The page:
Monday, April 13, 2020

Part Two: Lamenting in the Time of Covid-19 with April Yamasaki, Viet Thanh Nguyen, Soong-Chan Rah and Rondell Travino

The Lament for Grief-Bravester
This is a continuation of a discussion of what it means to lament during a time like COVID-19. This week's writers are April Yamasaki, Viet Thanh Nguyen, Soong-Chan Ran and Rondell Trevino.

April Yamasaki

In the last three weeks, I've been invited to contribute to a special collection of COVID-19 meditations, a prayer book in response to the current pandemic, a newsletter of personal reflections on coping with physical distancing, and several other projects related to the current global crisis. All time-sensitive. All invitations to donate my time. Some of the invitations were phrased rather light-heartedly as if I might be bored at home and looking for something to do. Others recognized that I might not have the bandwidth for one more thing. 

I said no to most of them. Not because I don't care about the current crisis. Not because I don't want to help others get through this critical time. But right now, I have too much. I'm already producing sermons, compiling prayers, connecting with people in need by phone, text, email, and other ways. I'm completing writing assignments I've already committed to. I'm having to come to terms with speaking engagements postponed or canceled, the sudden loss of an editing contract, and the far greater concern for all that is happening in the world.

This then is my lament for those with too much to do and those with time on their hands: How long, O Lord, will we be distressed and restless and wondering what to do? How long, O Lord, will we try to cover fear by doing more and more? How long, O Lord, until we find our rest in you?

April Yamasaki is the author of Four Gifts: Seeking Self-care for Heart, Soul, Mind and Strength and other books on Christian living. She is resident author with a liturgical worship community and speaks widely in churches and other settings. You can follow her at and on Twitter @SacredPauses.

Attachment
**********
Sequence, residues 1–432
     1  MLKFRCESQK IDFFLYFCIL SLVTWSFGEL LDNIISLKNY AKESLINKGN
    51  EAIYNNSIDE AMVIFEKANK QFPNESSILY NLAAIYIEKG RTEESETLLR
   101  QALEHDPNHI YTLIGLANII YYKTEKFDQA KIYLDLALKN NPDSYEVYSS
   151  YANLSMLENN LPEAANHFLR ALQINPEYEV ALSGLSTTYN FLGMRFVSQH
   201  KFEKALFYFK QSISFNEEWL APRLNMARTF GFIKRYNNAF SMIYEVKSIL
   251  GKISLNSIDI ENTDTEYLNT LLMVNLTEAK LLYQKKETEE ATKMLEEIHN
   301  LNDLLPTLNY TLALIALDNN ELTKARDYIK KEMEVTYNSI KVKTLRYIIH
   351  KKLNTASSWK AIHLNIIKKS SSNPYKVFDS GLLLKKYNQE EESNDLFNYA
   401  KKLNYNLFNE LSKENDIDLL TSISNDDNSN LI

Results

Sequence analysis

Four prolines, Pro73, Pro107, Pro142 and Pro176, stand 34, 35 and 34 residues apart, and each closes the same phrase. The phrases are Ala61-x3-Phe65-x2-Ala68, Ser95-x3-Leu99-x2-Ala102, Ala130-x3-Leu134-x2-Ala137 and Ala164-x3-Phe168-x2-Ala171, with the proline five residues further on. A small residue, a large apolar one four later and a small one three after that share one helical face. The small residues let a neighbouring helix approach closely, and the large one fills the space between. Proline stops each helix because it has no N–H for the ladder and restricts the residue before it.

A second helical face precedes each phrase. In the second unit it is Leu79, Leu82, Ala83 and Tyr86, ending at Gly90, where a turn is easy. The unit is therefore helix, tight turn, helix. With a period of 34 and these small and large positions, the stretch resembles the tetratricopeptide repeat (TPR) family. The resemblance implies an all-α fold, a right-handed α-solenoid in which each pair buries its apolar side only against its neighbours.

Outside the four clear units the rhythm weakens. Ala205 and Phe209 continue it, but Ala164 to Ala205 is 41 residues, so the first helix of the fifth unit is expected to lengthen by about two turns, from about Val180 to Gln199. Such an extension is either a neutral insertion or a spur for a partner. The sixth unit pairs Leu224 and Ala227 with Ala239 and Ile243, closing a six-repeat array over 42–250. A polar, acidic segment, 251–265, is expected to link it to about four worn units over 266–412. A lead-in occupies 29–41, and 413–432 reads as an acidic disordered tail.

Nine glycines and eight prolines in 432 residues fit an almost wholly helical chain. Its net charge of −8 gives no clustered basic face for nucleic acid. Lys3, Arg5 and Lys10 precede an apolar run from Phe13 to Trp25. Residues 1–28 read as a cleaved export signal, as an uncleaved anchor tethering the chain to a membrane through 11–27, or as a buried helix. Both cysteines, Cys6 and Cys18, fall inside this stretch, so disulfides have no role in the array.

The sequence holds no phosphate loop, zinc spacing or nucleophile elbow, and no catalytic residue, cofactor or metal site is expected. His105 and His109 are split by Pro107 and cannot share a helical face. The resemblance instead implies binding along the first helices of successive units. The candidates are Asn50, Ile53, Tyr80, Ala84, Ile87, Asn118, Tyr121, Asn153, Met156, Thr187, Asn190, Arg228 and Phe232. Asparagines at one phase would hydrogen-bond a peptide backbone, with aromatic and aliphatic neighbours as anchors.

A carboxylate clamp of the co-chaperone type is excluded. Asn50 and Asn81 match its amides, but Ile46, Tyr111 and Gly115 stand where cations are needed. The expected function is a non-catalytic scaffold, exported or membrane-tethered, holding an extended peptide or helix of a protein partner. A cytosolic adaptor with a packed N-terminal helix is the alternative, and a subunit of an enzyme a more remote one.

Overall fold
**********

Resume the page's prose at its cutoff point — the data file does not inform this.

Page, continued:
Viet Thanh Nguyen

A crisis often induces fear and hatred. Already we are seeing a racist blowback against Asians and Asian-Americans for the "Chinese Virus." But we have a choice:  Will we accept a world of division and scarcity, where we must fight over insufficient resources and opportunities, or imagine a future when our society is measured by how well it takes care of the ill, the poor, the aged and the different?

Taken from an opinion piece published in the New York Times on April 10. Viet Thanh Nguyen is a contributing opinion writer for the Times, is the author most recently of THE REFUGEES and is editor of THE DISPLACED: REFUGEE WRITERS ON REFUGEE LIVES. He teaches English at the University of Southern California.

Lamenting Machine/ISAN
Soong-Chan Rah

The following words were taken from an address Dr. Rah gave during the Civil Righteousness 2020 conference held in Kalamazoo, Michigan on March 13. 

Forty percent of the Psalms are of lament over suffering. But only twenty percent of modern [American Christian] worship songs typically are about suffering and lament. And only five percent of the top one hundred [American Christian] worship songs typically are about suffering and lament. We skip over lament to get to the celebration. That short-changes our theology.

What are counter-narratives to racism? Lament, not conferences. LAment is a way to enter into a solution.

Widows, orphans, the lame and the blind. They are the authors of lamentations. Sometimes we don't need to hear from the experts. We need to hear from those who have struggled the most. Real power doesn't come from the experts, but from the stories of those who are struggling. We need to ask: What are the stories that we aren't hearing? My challenge to you is... seek the voices that have been silenced.

Dr. Soong-Chan Rah is a professor of Evangelism and Church Growth at North Park University in Chicago He is an expert in church growth and multi-cultural congregations.

Rondell Trevino

Rondell's grandmother died on the Thursday before Easter. She died in a hospital, of Covid-19, hooked up to a ventilator. Because of the circumstances, family members were not allowed to be with her. But they had a chance to say their goodbyes over the phone.

"She just loved people more than herself," Rondell said. "My grandma left a long legacy of faith and courage in the midst of circumstances...She was just a pillar" Rondell told a reporter that his grandmother was "an amazing mother and a vibrant individual." 

Rondell Trevino is a pastor and Director of The Immigration Coalition. The quotes above were taken from an article published in the Memphis Commercial Appeal

If you would like to read the frist collection of writers on what it means to lament during a time like Covid-19, click here.

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